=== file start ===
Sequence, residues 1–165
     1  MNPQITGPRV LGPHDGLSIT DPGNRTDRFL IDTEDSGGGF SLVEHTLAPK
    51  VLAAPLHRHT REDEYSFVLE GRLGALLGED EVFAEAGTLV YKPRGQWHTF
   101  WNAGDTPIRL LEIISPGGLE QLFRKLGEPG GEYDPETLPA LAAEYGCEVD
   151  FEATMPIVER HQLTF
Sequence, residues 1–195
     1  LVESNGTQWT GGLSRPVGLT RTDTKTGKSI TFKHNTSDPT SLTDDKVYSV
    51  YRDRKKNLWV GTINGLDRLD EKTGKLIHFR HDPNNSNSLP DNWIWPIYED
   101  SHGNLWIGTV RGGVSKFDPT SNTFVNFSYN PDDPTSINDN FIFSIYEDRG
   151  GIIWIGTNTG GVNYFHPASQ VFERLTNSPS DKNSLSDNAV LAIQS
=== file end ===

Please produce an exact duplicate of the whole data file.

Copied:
Sequence, residues 1–165
     1  MNPQITGPRV LGPHDGLSIT DPGNRTDRFL IDTEDSGGGF SLVEHTLAPK
    51  VLAAPLHRHT REDEYSFVLE GRLGALLGED EVFAEAGTLV YKPRGQWHTF
   101  WNAGDTPIRL LEIISPGGLE QLFRKLGEPG GEYDPETLPA LAAEYGCEVD
   151  FEATMPIVER HQLTF
Sequence, residues 1–195
     1  LVESNGTQWT GGLSRPVGLT RTDTKTGKSI TFKHNTSDPT SLTDDKVYSV
    51  YRDRKKNLWV GTINGLDRLD EKTGKLIHFR HDPNNSNSLP DNWIWPIYED
   101  SHGNLWIGTV RGGVSKFDPT SNTFVNFSYN PDDPTSINDN FIFSIYEDRG
   151  GIIWIGTNTG GVNYFHPASQ VFERLTNSPS DKNSLSDNAV LAIQS